There’s an old saying that defense wins championships. While the Eagles’ season ended in the first round of the ACC tournament, the defense proved to be a consistent bright spot during an inconsistent season. Quiet and unassuming, one would never suspect that Victor Souza was an All-ACC defender and one of the best tacklers in college soccer. Sitting on the edge of the booth, Souza took his time answering questions, making sure to answer thoroughly, letting nothing slip past him.
The junior grew up around soccer thanks to his older brother, whose games and practices a young Souza attended. Soccer was such a central fact of life that Souza doesn’t “remember choosing to start. I was just playing.” He wasn’t always playing as defense, sometimes it was center-mid, most times it was wherever the coaches wanted to use him, until around 12 or 13, when soccer got more organized and Souza found himself as a center back.
As a freshman, Souza started all 19 games, playing every minute of every game on his way to being named to the All-ACC freshman team. His sophomore year was the same: Souza started in every game and played all but nine minutes of the season. Those big minutes are something the defender is proud of since they speak to him playing to his potential. “When I finally came to college, I broke out and actually played to how good I was… I’ve been pretty consistent as well.” These minutes are the foundation that sparked the coming seasons for Souza.
Returning from a shortened COVID season, Souza noted the increased attendance by Eagles fans. “I’ve honestly been surprised at how many people have been showing up. The Notre Dame game was probably the most we’ve ever had during my time here,” Souza said. “We’ve been undefeated at home this year and it’s no coincidence. We’re different when we play at home. We actually play to our potential.”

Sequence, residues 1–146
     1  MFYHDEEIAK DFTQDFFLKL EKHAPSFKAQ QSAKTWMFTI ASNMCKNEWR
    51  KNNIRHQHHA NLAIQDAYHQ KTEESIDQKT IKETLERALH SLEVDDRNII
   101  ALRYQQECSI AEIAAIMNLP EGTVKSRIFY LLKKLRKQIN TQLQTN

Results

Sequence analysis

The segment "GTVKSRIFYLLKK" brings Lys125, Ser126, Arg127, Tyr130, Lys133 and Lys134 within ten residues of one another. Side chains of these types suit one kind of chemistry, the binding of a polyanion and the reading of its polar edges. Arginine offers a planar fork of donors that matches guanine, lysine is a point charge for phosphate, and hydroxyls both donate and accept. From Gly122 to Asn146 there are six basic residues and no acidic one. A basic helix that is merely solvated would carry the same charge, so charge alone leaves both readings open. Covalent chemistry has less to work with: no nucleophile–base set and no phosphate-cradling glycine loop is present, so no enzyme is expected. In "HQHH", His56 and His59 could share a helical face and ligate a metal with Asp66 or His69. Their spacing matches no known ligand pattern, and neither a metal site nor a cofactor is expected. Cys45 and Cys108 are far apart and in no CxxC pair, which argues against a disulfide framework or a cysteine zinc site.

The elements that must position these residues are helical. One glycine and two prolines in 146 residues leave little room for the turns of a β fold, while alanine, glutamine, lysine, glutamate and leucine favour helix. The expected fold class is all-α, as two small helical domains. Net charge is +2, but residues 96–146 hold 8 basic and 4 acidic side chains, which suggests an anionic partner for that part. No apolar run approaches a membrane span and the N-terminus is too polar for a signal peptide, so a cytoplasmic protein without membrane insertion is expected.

The home and away record tells the story. The Eagles would remain undefeated at home on the season while winning only one away game. Souza chalked some of those losses up to immaturity on the team’s part. Another part of it was the 13-person freshman class the Eagles brought in this year—thanks in part to COVID-19. “We only have two and half weeks to prepare for the season—it’s not a long time, to begin with. Then you put 13 people on top of that… A lot of them are playing big roles as soon as they came in, so it’s hard to do anything with a group that’s completely new.”
On top of managing a large group of freshmen, all expected to play big minutes as injuries plagued the Eagles, Souza and other upperclassmen on the team inherited leadership roles. Usually, when a new group joins, the upperclassmen teach the system through example and by “keeping us in check.” At the start of preseason, “there’s the way it was, and we just followed it.”
This year’s transition wasn’t as smooth as usual.
“We missed out on a year. It wasn’t coming in, having preseason, and playing those 16 games.”
Souza isn’t making an excuse, he’s stating a fact: a six-game spring season and a group of 13 new players means that any transition is bound to be bumpy for both the new guys and the upperclassman. “I’m reflecting now,” he added. “I feel like I could have done a better job of trying to organize the group and realizing what it means to be an older guy in the group.”